Thursday, December 30, 2010

The Password Question

When my children were small, my mother discouraged me from over-correcting their behavior, explaining: “the world will knock them down soon enough.” She encouraged me to be the one who picked them up. She was right.

Two of my children, schooled and equipped, are ready to be who they are. One is a musician and the other is a journalist. Both are passionate about what they do. Both have started to put themselves out there, meeting the world at its front door. As my mother promised, each has been knocked to the mat more than once. Because I understand what they're after, and what they're in for, I cheer them.  Rejection is passion’s bully, and artists – the most sensitive among us, who love nothing more than art-ing –experience rejection so personally, it often drives our passion underground.

I can talk about this.

Whether it’s me submitting a novel, or a twenty-something in an audition or interview, it’s tough to discover that passion alone won’t open doors because on the other side, stands rejection with its cynical smirk and world-weary gaze, its chewed up cigar and too-small baseball cap, asking a “secret” password question that must be answered correctly before it will step aside. It is a question others will be happy to answer for you, especially those who love-you-and-just-want-you-to-be-happy but only you know:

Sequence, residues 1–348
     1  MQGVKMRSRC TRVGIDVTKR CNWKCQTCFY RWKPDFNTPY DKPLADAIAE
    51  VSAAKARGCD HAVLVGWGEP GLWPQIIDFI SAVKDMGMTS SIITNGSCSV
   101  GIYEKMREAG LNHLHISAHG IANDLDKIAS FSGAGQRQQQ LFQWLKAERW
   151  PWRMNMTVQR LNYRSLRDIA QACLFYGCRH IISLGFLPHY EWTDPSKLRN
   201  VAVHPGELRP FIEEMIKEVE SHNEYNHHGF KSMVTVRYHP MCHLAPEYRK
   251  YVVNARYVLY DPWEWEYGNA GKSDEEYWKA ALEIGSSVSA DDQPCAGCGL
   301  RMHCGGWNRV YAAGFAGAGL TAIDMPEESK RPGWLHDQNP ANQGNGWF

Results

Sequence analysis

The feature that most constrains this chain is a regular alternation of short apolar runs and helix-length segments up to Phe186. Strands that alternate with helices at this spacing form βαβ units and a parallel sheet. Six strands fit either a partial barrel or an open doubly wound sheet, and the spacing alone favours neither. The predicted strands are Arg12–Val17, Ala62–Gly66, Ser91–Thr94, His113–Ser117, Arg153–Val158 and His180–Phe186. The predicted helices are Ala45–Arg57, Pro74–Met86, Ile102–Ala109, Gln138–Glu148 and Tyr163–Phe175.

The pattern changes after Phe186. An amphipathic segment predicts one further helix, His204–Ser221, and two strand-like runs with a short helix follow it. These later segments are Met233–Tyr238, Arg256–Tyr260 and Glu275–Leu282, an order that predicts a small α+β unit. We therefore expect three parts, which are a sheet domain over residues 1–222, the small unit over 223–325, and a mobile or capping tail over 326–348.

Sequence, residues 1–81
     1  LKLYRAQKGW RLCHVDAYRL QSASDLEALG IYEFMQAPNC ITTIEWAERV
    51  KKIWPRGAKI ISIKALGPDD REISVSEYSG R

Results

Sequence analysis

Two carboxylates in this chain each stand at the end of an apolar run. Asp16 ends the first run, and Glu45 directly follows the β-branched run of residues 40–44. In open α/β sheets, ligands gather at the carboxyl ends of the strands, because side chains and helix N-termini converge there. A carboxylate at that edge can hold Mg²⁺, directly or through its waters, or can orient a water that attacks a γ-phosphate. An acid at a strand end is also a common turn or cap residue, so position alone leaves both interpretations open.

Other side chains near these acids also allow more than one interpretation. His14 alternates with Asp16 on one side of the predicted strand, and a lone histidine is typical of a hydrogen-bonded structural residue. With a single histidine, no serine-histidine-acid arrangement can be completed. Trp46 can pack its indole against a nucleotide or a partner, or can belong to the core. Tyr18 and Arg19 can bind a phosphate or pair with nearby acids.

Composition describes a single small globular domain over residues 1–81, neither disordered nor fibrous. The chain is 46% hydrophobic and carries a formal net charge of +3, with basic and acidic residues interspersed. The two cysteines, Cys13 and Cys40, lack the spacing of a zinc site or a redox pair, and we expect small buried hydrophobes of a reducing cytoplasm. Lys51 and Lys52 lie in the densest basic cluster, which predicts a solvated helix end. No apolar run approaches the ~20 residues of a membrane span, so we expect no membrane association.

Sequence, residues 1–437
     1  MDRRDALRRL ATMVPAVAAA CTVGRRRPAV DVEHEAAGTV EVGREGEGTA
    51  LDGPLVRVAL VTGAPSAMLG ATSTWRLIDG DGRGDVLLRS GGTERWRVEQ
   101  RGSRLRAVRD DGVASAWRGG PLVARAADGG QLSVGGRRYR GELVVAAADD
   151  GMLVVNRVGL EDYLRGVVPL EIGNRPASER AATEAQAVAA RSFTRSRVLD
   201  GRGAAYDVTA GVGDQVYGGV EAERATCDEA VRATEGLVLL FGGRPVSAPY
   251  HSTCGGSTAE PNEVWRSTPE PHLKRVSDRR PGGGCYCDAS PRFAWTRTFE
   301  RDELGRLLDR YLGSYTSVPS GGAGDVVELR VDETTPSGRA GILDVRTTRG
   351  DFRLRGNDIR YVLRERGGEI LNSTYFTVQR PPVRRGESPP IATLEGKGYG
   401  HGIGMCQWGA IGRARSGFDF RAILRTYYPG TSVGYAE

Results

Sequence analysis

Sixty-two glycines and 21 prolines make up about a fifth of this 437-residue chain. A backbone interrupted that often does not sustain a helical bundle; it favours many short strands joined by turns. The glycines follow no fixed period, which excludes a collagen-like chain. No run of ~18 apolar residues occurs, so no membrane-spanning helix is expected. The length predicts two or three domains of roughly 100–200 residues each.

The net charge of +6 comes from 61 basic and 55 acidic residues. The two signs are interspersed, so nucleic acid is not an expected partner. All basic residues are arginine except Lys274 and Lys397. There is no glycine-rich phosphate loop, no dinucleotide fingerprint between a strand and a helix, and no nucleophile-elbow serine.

"Can you?"

And then, rejection, hands on hips, foot tapping, waits for the answer, which is hopefully not “I think so,” but:

“I have to.”

And rejection says, “Alright, close enough,” hands you a starter kit of fortitude, confidence and perseverance and then takes its big and foul self off to bother someone else which is likely me because rejection has its own parking space at my house.

It’s not for babies.

But, as my children can attest, the thing about passion is that there is no choice but to pursue it. Passion doesn’t die like good ideas do. You can’t dial it down, it’s not like changing majors, and it can’t be brought back to the store and exchanged for something more comfortable, like a hobby. Even if it doesn’t blow up into a career, passion must be honored. If it is not honored, it will turn into the voice of a nasally, whiney child and go to live in your head where it will pick fights with your good intentions and push all your hopes off their little chairs.